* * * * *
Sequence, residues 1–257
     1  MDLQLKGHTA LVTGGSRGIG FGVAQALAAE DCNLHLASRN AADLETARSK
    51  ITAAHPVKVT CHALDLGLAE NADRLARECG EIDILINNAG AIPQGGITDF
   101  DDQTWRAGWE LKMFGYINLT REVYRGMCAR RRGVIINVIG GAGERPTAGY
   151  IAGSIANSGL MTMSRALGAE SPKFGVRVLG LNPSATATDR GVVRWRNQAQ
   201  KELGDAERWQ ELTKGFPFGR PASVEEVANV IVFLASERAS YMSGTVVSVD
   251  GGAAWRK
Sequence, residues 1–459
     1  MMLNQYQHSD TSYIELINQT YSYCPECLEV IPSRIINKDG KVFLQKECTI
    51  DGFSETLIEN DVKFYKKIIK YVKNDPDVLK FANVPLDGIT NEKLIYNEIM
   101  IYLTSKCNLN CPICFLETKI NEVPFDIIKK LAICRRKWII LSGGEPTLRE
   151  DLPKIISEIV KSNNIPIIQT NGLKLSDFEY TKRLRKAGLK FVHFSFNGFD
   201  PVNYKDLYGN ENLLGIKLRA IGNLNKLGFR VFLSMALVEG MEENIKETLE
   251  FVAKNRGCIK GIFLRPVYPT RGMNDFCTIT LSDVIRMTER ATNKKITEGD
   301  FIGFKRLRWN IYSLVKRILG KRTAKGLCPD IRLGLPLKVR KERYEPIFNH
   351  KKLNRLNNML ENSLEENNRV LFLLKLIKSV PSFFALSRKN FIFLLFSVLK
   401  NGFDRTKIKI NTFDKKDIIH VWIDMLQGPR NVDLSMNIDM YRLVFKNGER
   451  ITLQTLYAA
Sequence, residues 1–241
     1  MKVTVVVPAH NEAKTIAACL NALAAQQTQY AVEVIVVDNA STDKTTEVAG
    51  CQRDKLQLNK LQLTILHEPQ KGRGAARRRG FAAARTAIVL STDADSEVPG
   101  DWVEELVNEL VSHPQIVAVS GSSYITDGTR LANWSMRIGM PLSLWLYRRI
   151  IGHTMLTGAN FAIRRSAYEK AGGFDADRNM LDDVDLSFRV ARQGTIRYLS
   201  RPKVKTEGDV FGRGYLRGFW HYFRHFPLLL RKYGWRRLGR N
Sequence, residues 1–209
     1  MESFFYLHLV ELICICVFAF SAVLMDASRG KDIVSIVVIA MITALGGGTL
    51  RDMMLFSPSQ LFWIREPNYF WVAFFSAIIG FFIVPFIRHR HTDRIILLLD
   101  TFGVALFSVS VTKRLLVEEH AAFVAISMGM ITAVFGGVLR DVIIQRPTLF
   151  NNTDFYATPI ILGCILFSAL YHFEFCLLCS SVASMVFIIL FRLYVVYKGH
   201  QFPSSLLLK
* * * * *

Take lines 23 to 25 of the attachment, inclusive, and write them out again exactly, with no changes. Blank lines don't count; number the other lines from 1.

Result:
   151  IGHTMLTGAN FAIRRSAYEK AGGFDADRNM LDDVDLSFRV ARQGTIRYLS
   201  RPKVKTEGDV FGRGYLRGFW HYFRHFPLLL RKYGWRRLGR N
Sequence, residues 1–209